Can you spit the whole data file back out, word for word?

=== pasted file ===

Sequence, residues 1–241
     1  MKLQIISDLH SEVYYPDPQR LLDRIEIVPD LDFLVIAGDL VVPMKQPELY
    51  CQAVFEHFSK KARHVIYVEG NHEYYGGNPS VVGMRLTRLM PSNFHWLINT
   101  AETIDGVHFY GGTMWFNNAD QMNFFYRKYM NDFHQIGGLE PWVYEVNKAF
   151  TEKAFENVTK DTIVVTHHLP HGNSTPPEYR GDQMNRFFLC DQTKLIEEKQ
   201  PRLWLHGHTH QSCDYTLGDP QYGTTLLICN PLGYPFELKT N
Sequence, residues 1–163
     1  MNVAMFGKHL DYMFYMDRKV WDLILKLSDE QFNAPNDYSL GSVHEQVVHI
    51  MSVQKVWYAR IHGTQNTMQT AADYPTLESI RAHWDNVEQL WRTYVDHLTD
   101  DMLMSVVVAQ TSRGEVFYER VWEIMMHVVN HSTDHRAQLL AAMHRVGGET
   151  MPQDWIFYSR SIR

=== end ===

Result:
Sequence, residues 1–241
     1  MKLQIISDLH SEVYYPDPQR LLDRIEIVPD LDFLVIAGDL VVPMKQPELY
    51  CQAVFEHFSK KARHVIYVEG NHEYYGGNPS VVGMRLTRLM PSNFHWLINT
   101  AETIDGVHFY GGTMWFNNAD QMNFFYRKYM NDFHQIGGLE PWVYEVNKAF
   151  TEKAFENVTK DTIVVTHHLP HGNSTPPEYR GDQMNRFFLC DQTKLIEEKQ
   201  PRLWLHGHTH QSCDYTLGDP QYGTTLLICN PLGYPFELKT N
Sequence, residues 1–163
     1  MNVAMFGKHL DYMFYMDRKV WDLILKLSDE QFNAPNDYSL GSVHEQVVHI
    51  MSVQKVWYAR IHGTQNTMQT AADYPTLESI RAHWDNVEQL WRTYVDHLTD
   101  DMLMSVVVAQ TSRGEVFYER VWEIMMHVVN HSTDHRAQLL AAMHRVGGET
   151  MPQDWIFYSR SIR